I know that shadow mapping is a common problem on forums but this time I couldn’t find the answer to my problem.
I set up an FBO and a depth-component texture correctly and render my scene from my light’s point of view to this FBO. Later I wanted to use this texture in a fragment shader but the values in this are always between 0 and 1. Somewhere I read that GL_DEPTH_COMPONENT-type texture values are clamped but isn’t there a function to disable this? Or should I use a different component-type (like GL_R32)?

Of course they have to be between them but I thought that zero represents the near z plane and one represents the far z plane. But in this case the clamping was done on world-space distances so the depth-texture “can’t see” further than one world unit. If I render a scene where the objects are two units far away from the light then the texture will contain only 1.0 values.

Those values are in normal coordinates after your projection, so if your zNear is 10 and zFar is 1000, something like 10 would be zero in the depth texture and something at 1000 would be one in your depth texture.

It’s perfectly legitimate to go between those spaces. In shadow mapping, you’re taking a point in world or camera space and moving it into your “depth map” space, which would also have a value between zero and one for the comparison.

But in this case the clamping was done on world-space distances so the depth-texture “can’t see” further than one world unit.

No! Definitely not! You don’t store world-space depth values in a depth map. You store window-space depth values (typically), which are 0…1 and represent the entire depth range for the entire light-space frustum (i.e. the region between the light-space near and far clip planes)!

For a little more context, NDC-space depth values are within -1…1 for depth values within the light frustum (of course, always are). glDepthRange is typically 0,1, which means the resulting window-space depth values are 0…1 when you’re rendering your shadow map. And “that” is what gets stuffed in your shadow map (i.e. depth map).

Sorry for the late reply and thanks for all the answers.

Now I remember that the OpenGL uses reciprocal depth storage and comparison but what I couldn’t puzzle out is how does it calculate the z-values before storing them in a floating-point texture. If I knew the formula then I could decipher the inverse operation to calculate the linear value but I couldn’t find this equation.
(I tried the “return (2.0 * n) / (f + n - z * (f - n))” formula from the geeks3d.com page but I would like to know how does the “non-linearisation” (and thus the linearisation) work and not just implement it anyway.)

Is there a place in the OpenGL documentation where the z calculation is written down?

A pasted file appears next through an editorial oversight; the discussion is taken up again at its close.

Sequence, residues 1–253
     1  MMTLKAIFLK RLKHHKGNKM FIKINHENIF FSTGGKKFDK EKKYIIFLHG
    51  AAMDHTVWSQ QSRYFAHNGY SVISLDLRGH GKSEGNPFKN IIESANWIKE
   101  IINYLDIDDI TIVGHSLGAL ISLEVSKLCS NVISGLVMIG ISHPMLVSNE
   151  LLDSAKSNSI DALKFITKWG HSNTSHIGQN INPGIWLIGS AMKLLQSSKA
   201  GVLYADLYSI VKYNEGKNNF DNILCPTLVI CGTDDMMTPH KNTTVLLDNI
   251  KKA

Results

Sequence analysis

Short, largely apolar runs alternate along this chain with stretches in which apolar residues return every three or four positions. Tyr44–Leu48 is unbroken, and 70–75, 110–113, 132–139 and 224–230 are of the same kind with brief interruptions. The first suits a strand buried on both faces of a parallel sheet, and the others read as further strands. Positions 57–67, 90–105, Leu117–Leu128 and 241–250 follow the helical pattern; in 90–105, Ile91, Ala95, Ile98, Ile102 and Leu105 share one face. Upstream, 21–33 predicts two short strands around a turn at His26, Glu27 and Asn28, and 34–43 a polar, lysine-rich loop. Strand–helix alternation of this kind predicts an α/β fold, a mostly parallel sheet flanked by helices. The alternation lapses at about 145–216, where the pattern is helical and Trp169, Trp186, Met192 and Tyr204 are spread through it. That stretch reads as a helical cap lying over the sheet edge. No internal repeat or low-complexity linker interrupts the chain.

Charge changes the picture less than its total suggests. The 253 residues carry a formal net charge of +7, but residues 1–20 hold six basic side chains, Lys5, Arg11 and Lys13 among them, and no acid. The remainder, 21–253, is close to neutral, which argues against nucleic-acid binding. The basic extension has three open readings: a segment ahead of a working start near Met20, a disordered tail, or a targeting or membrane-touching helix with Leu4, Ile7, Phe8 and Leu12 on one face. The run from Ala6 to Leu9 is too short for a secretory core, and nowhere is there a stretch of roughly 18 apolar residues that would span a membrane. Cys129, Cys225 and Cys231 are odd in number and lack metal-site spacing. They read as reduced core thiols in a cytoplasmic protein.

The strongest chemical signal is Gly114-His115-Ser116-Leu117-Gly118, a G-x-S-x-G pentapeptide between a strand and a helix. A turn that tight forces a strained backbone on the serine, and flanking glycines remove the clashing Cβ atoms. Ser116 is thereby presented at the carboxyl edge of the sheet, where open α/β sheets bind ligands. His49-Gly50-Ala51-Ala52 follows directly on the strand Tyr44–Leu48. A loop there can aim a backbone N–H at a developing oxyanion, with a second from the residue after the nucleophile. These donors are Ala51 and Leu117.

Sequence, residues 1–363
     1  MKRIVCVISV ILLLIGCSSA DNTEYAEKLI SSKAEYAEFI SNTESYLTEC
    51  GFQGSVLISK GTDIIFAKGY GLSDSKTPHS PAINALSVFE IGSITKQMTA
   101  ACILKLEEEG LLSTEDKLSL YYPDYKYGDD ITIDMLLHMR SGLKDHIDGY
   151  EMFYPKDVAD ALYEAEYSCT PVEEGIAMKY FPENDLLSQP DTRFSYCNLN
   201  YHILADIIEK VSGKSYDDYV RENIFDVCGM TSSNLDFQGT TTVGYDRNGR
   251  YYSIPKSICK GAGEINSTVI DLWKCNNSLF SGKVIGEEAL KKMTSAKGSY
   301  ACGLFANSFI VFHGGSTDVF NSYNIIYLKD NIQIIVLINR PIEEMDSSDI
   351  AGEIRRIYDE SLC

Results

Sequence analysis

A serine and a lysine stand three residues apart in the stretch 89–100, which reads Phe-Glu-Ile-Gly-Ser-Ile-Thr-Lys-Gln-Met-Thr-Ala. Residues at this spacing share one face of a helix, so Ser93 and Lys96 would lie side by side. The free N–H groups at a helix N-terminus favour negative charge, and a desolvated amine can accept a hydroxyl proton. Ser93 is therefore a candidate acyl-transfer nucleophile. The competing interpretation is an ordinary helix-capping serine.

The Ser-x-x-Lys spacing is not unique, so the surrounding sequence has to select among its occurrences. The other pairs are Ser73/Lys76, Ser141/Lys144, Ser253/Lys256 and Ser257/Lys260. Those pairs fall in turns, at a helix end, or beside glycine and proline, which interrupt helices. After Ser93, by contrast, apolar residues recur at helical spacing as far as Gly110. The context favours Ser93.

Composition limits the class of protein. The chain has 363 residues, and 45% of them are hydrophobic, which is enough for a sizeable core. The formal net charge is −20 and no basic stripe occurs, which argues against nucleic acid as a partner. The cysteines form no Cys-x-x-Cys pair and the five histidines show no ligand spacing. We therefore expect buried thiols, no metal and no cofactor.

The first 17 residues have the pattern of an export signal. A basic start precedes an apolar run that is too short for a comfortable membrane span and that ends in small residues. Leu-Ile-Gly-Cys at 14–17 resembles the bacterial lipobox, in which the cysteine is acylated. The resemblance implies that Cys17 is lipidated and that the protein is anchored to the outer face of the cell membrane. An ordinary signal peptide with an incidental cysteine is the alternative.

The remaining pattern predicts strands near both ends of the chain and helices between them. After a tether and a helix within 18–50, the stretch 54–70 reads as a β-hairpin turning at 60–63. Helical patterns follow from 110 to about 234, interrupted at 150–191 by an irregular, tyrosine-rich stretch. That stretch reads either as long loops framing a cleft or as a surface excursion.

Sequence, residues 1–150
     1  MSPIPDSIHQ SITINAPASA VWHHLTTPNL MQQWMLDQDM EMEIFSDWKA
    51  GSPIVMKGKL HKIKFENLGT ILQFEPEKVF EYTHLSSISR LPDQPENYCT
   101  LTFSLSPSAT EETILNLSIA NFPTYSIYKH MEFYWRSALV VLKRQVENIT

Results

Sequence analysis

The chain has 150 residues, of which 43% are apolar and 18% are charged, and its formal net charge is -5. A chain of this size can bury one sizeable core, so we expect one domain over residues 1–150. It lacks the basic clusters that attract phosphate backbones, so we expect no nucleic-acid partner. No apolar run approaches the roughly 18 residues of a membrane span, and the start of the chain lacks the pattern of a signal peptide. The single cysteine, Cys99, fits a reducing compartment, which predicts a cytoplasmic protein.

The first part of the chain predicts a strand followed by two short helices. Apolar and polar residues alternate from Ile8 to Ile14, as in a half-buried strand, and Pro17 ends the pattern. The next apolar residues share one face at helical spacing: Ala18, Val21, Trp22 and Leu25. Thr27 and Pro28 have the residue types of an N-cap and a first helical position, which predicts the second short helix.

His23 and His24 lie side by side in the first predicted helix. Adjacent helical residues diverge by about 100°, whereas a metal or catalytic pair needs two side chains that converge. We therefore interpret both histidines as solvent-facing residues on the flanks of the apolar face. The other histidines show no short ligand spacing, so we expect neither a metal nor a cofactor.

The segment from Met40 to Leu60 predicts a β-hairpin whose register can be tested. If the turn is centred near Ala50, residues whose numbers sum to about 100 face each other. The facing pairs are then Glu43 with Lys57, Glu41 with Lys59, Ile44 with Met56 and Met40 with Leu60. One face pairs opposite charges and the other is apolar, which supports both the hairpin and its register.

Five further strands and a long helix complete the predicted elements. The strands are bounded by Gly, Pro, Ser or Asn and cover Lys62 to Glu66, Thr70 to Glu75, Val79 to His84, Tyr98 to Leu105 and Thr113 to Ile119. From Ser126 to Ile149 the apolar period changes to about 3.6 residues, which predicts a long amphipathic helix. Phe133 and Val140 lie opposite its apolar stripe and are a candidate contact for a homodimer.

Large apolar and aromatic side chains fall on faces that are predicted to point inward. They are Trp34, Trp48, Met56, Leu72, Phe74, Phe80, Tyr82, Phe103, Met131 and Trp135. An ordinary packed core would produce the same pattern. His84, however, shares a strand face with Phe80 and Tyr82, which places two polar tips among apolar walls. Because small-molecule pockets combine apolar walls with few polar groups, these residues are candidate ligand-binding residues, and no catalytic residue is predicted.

Re the geeks3d formula, looking at it a bit, it doesn’t feel right. Plug in z_win=1 and you do get 1, but plug in z_win=0 and you just get a mess (not 0, which you’d expect).

…but I would like to know how does the “non-linearisation” (and thus the linearisation) work and not just implement it anyway.)

Is there a place in the OpenGL documentation where the z calculation is written down?

Sure. You know what the PROJECTION transform is, right? Takes eye-space to clip-space. Do the perspective divide and you have NDC-space. Then just scale and shift that and you have window-space.

The main thing you need is the PROJECTION transform. Look at Appendix F in the Red Book:

At the bottom of the page are the perspective and orthographic projection matricies. All you need are the bottom two rows to compute z_clip and w_clip from z_eye (w_eye == 1). Then just divide z_clip/w_clip, and you have z_ndc. Then shift and scale that -1…1 value into 0…1 (*.5+.5, assuming glDepthRange 0,1) to get window-space Z. You can write all this out. It’s not complex. That’ll give you an expression that defines z_win in terms of z_eye. This defines the normal Z transform, and what you call “non-linearizing” it.

Then given z_win, you want to “re-linearize” it. So you want something like z_eye, but in 0…1 range. In other words you want to take the previous equation, solve for z_eye in terms of z_win, then plug that into (-z_eye-n)/(f-n) to get a linear-in-eye-space 0…1 Z value in terms of the window-space Z value.

I wanted to ask which direction is better (converting the depth texture values to world space or converting the in-world distances to the texture’s window space) but maybe the first method needs less extra calculations in the case of a cube map texture.

I don’t understand the question. They produce two different things, not the same thing via two different methods.

Also beware anytime you’re thinking of working with “world space” in a shader. In general, world space may be bigger than can be represented with sufficient accuracy in a shader with single-precision floats (if not now, then maybe in your app in the future), and you may screw your current (or future) self by doing stuff with world space in the shader. Use object, eye, clip, NDC spaces, but avoid world like crazy.

What are you trying to do again? There’s probably another way to do it.

He’s talking about shadow mapping. The depth comparison should generally give the same result in either space. Though I suppose he means eye space, not world space.

Ah, OK. Well maybe I’m missing something obvious, but here’s the thing: to do the shadow map lookup, you need to project your position into light space to get your shadow map texture coordinates. So seems to me it’d be needless added work to take the depth (in light space) that you get back from the lookup and back it all the way back out to eye-space to do the comparison, rather than just do the comparison in light space since you’re there already…